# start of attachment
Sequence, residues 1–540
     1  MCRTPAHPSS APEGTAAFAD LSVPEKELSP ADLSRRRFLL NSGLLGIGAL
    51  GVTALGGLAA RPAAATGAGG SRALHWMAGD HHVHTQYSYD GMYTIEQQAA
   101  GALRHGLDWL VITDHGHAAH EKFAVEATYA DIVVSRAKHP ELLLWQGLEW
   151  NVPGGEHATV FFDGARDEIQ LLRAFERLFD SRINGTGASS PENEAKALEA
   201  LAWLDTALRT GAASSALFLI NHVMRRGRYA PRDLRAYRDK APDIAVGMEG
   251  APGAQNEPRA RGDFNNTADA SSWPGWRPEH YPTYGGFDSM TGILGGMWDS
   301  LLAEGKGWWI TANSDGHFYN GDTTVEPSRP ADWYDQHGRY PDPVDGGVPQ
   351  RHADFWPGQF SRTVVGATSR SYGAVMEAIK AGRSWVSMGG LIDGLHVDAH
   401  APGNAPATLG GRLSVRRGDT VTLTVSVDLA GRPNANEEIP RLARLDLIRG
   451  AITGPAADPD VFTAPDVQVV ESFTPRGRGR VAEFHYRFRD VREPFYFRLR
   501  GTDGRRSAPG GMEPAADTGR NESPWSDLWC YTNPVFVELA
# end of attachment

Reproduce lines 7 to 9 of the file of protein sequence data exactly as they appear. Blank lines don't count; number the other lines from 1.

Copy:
   251  APGAQNEPRA RGDFNNTADA SSWPGWRPEH YPTYGGFDSM TGILGGMWDS
   301  LLAEGKGWWI TANSDGHFYN GDTTVEPSRP ADWYDQHGRY PDPVDGGVPQ
   351  RHADFWPGQF SRTVVGATSR SYGAVMEAIK AGRSWVSMGG LIDGLHVDAH